This just in from Pittsburgh, where common sense triumphs!



Kathy M. Newman, an English professor and education activist in Pittsburgh, sent this message about yesterday’s school board election:



In Pittsburgh yesterday voters delivered a resounding message that they support the broad platform of education justice for the Pittsburgh Public schools.



This platform includes: Community Schools—schools which provide wrap-around, nutrition and psychological services to needy children during the school day and beyond, restorative justice rather than discipline and punish, more resources for nurses, librarians and counselors, a push back against over-testing, and a district budget that is determined by what students need to succeed rather than austerity, closing schools, and right-sizing. This platform was developed by Great Public Schools Pittsburgh, a coalition of labor organizations, faith based organizations, community organizations, and parent groups, all of whom were involved in grassroots campaign efforts—door-knocking, phone-banking, fundraising, and poll watching, in each of these school board races.



Each of the four school board candidates who ran on this platform won the Democratic primary nomination, and they are all but assured to win in the fall, and to begin serving on the school board in late 2015.



The first winning candidate, Dr. Regina Holley, is from Pittsburgh’s School Board district 2, a district that includes the rapidly developing neighborhoods of East Liberty and Lawrenceville. Holley is a retired African American Pittsburgh Public School principal and teacher with a distinguished record as an educator, has served on the board since 2011. She ran uncontested.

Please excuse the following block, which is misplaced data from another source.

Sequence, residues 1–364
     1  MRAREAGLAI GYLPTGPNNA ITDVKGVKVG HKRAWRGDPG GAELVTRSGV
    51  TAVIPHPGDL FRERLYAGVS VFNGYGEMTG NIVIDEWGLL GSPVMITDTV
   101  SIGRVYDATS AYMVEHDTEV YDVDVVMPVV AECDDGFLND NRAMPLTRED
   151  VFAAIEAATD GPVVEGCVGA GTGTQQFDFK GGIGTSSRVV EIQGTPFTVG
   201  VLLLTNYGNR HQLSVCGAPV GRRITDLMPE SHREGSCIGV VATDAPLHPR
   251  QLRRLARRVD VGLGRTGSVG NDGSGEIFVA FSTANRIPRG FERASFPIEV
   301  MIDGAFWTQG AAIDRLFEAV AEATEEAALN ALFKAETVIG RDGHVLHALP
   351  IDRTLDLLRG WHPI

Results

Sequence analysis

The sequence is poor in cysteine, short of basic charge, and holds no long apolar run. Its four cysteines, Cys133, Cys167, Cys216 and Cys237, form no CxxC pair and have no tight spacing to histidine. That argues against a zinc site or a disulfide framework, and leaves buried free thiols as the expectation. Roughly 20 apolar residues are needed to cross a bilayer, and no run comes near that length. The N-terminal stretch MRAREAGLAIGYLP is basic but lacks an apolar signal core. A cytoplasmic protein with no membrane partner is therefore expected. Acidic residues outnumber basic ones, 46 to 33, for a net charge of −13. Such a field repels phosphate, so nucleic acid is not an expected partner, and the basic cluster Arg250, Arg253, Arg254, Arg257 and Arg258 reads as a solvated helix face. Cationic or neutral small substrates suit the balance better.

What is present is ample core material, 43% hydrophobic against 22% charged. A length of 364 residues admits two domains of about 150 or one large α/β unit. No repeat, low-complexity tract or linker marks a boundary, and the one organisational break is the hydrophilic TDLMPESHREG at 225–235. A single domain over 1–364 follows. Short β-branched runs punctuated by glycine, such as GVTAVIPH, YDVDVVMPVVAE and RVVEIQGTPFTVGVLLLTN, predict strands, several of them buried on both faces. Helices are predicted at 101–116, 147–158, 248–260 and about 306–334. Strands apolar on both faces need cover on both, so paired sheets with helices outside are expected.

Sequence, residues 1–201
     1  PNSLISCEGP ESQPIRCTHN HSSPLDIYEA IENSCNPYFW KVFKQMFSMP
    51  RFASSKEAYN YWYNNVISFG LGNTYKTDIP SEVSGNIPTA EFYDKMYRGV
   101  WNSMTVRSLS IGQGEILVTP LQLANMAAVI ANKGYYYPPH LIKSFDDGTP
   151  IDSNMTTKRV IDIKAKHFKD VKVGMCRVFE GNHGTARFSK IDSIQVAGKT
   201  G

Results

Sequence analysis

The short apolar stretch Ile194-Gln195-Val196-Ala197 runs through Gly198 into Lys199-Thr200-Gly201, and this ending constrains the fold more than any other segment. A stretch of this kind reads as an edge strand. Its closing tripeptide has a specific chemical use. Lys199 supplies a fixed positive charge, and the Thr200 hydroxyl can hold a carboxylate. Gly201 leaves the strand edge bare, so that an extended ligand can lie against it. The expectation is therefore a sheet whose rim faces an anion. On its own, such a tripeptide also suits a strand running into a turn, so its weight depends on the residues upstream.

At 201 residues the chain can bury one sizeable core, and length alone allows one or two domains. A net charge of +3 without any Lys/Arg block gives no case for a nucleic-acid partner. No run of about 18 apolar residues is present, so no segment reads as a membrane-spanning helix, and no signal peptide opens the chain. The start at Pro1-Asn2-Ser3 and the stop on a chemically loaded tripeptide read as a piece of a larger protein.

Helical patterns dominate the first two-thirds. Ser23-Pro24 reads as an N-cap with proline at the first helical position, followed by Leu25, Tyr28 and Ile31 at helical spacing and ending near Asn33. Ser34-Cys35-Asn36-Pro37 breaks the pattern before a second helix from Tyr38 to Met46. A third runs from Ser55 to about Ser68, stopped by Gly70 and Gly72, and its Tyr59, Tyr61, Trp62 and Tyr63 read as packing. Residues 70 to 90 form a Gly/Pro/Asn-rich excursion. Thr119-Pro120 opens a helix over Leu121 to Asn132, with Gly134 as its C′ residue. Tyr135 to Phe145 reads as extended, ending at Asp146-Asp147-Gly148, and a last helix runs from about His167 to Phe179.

The most hotly contested race was in Pittsburgh’s affluent East End, where a revered long-time school board member, Bill Isler, was stepping down. The education justice movement coalesced around school board candidate Lynda Wrenn, a Pittsburgh Public School parent with 4 children who are attending or who have graduated from Pittsburgh Public schools. Wrenn also holds an MA in education and has served on several district task forces over the last 10 years. Wrenn won by a wide margin against Kirk Burkley, a bankruptcy and real-estate lawyer who promised to be a strong advocate for charter schools and to keep a tight lid on the district’s budget on behalf of tax payers.


In the South Hills area of Pittsburgh a young woman, Moira Kaleida, mother of two and married to a school teacher, won against her opponent, a public school parent, Tracy Link. Moira has been active in Great Public Schools, and will be a strong voice for increasing equity and education justice on the new school board.


On Pittsburgh’s North Side a young African American, Kevin Carter, only 26 years old, defeated his opponents, Rosemary Moriarty, a retired school principal and, Patricia Rogers, a legislative aid and former Juvenile substance abuse supervisor. Carter is the founder and CEO of the Adonai Center for Black Males, a nonprofit that helps at-risk youth move from high school to college or trade school, and from higher education to the workplace. Carter, like each of the other winning school board candidates, ran a grassroots campaign on the platform of equity and education justice.


We are smiling and celebrating today in Pittsburgh! Maybe the education reformers thought that Pittsburgh was so full of Gates money and Broad graduates that we were a “safe city” for them. No longer!!!! The progressives have helped to elect a school board that sees poverty and inequality as the biggest challenges faced by our schools, and who see education justice as the solution!